One night years after the fall of Saigon I penned a crude sonnet to commemorate the pain of loss so many of us who served in Vietnam felt. The last three lines, a few lines past the turn, went like this:
“Oh Saigon, bitter Saigon, please restore my youth unseen
For I’ve cast my life as pearls before the swine
Whose the dying now, oh Saigon, yours or mine?”

There are 58,286 names inscribed on a black granite wall in Washington, D.C. I’ve occasionally wondered how they would have felt about “peace with honor,” had they lived to see North Vietnamese tanks rumbling through the streets of Saigon.

Vietnam had its signature slogan. Iraq has also had its share – the “mission accomplished” banner, Joe Biden’s 2009 pronouncement that Iraq could be “one of the great achievements” of Barack Obama’s presidency, and the President’s declaration that we were leaving a democratic, stable Iraq.

One of the profound tragedies that came out of Vietnam and Iraq is that the sacrifice so many made in the cause of freedom was undone by the incompetence and the empty political slogans of our leaders.

I wonder how the brave men who fought house to house in order to liberate Fallujah or those who fought at Basra, Najaf, Mosul, and the Karbala Gap must now feel as they watch ISIS marching toward Baghdad in captured American tanks and Humvees. Do they see it as one of the administration’s “great achievements?”  Are their hearts weighed down by grief? How deep is the pain of loss they must feel?

My painful memories of the fall of Saigon still linger as I watch the tragedy of Iraq unfolding and I ask myself. “Are there new sonnets on the horizon for the veterans of Iraq?”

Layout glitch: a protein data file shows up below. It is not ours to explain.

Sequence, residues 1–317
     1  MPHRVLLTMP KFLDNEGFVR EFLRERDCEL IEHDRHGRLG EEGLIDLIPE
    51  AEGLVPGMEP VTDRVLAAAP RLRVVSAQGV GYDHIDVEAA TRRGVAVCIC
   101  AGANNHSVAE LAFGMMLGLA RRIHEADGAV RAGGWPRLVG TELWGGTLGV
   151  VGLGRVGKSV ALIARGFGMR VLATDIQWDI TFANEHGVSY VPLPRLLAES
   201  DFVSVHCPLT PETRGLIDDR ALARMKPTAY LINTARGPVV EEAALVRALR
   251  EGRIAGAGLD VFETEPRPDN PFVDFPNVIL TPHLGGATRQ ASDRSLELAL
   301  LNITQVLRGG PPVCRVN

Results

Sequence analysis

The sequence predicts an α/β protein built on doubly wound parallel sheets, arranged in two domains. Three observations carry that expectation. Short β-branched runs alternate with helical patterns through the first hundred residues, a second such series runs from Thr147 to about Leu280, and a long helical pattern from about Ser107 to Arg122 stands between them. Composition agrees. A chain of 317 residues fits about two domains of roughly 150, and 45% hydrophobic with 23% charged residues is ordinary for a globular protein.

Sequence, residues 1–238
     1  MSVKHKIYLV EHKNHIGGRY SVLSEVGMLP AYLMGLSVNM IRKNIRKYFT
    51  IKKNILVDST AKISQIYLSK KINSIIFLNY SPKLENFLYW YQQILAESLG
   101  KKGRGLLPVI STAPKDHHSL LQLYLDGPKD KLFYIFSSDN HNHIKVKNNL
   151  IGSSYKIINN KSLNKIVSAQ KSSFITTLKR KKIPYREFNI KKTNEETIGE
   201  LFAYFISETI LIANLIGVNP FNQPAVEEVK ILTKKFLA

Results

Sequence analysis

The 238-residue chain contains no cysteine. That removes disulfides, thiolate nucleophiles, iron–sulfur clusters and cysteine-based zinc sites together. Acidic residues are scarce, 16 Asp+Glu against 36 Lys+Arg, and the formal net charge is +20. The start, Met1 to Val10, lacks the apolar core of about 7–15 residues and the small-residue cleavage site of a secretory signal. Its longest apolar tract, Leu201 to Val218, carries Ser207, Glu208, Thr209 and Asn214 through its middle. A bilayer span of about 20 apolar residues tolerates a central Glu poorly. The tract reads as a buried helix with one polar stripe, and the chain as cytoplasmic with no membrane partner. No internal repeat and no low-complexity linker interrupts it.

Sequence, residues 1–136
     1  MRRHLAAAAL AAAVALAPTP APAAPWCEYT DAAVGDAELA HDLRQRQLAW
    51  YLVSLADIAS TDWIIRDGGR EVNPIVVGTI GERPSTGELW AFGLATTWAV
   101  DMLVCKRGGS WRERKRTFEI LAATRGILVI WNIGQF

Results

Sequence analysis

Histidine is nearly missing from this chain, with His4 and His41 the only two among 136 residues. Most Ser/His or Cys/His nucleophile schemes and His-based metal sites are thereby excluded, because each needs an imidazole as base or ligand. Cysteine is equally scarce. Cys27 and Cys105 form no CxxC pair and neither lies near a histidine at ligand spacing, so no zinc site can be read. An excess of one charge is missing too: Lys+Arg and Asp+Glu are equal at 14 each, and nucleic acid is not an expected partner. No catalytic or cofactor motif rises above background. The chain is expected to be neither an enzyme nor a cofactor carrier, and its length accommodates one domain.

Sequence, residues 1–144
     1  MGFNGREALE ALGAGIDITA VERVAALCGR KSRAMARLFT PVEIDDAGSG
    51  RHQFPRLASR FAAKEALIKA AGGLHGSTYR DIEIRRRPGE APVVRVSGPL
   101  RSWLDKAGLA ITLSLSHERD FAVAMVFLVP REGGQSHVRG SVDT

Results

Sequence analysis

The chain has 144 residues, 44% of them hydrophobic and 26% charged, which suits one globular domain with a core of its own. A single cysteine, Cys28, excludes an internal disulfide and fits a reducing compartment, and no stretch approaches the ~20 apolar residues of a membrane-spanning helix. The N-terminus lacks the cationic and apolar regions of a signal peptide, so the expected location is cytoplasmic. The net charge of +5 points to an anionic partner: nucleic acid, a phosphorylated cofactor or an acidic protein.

Probably so.

Thursday, June 12, 2014


Better to die ten thousand deaths than wound my honor
          - British poet James Addison

At the Sunday morning service before Memorial Day there was a brief ceremony honoring veterans for their service. Our music team led the congregation in singing “God Bless America” and the American flag was presented. Our pastor then asked all veterans to stand to be recognized. It was a kind gesture, but I felt a bit awkward about it. Nancy saw this and prodded me to stand.

Why the awkwardness? First, because I believe the altar is solely God’s domain.  I’m a loyal citizen and always will be, but I believe there are obligations that are even higher than those conferred on me by citizenship. My faith obliges me to be a good citizen, but there are times when my faith requires me to listen to a Higher Voice.

That doesn’t put me at odds with my country.  I’m very fortunate to live in a country where my rights to life, liberty, and the pursuit of happiness are deemed to be God-given, unalienable rights. I’m glad our Founders had the wisdom to enshrine our most important rights, particularly our right to freely “exercise” our respective religious faiths. It took considerable wisdom and courage for them to do so. Allowing a nation’s citizens to practice their beliefs freely can sometimes be dangerous to entrenched political interests. That freedom gives us all the right to say, “No! That’s powerful stuff.